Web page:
Today, the Department of Transportation’s Federal Aviation Administration, FAA, finalized the first operational rules for routine commercial use of small unmanned aircraft systems – aka UAS or drones. The FAA is far behind in fully integrating drones into the nation’s airspace, the most complex airspace in the world. The new rule, which takes effect in late August, offers safety regulations for unmanned aircraft drones weighing less than 55 pounds that are conducting non-hobbyist operations.
After heavy criticism by Congress about ignoring the threat to public safety posed by drones. Congress noted the lack of oversight by the agency responsible for airspace, as well as missed deadlines to do its regulatory job. As a result a hastily convened task force delivered recommendations to FAA Administrator Michael Huerta and Transportation Secretary Anthony Foxx on 21 November 2015.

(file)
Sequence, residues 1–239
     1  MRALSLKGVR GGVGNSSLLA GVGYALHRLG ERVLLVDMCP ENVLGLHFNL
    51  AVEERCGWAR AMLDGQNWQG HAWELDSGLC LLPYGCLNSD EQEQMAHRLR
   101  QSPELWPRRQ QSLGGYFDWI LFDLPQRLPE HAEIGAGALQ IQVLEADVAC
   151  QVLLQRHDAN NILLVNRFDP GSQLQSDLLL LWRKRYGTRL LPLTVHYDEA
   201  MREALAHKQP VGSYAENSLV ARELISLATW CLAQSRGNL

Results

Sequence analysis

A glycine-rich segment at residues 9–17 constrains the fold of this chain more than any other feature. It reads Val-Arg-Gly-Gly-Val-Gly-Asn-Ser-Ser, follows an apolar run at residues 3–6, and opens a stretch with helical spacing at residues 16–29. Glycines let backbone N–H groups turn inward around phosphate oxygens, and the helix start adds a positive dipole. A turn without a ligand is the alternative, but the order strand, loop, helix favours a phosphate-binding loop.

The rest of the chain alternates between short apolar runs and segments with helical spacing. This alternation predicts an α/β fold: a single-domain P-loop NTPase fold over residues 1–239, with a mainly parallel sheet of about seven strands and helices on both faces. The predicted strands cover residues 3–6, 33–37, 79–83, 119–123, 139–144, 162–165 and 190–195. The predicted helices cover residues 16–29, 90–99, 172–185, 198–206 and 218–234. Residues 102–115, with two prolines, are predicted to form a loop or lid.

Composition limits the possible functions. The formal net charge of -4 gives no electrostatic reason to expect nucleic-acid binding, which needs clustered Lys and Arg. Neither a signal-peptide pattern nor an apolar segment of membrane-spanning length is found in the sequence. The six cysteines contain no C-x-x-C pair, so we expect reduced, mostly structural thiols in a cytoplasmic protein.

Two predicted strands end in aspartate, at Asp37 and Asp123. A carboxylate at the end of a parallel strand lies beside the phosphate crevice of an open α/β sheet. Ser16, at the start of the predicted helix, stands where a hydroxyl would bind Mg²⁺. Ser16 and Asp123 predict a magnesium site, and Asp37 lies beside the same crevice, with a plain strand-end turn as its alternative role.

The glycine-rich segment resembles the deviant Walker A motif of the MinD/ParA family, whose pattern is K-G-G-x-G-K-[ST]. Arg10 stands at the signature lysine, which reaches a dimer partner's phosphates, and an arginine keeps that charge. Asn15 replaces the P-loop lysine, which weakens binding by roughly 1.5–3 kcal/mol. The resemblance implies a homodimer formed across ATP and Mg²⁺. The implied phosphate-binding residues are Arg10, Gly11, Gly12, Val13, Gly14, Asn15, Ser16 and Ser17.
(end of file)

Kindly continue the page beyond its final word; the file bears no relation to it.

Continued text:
“We are part of a new era in aviation, and the potential for unmanned aircraft will make it safer and easier to do certain jobs, gather information, and deploy disaster relief,” said U.S. Transportation Secretary Anthony Foxx.
The rule’s provisions, allegedly, are said “to minimize risks to other aircraft and people and property on the ground.” The regulations require pilots to keep an unmanned aircraft within visual line of sight. Operations are allowed during daylight and during twilight if the drone has anti-collision lights. The new regulations also address height and speed restrictions and other operational limits, such as “prohibiting flights over unprotected people on the ground who aren’t directly participating in the UAS operation.”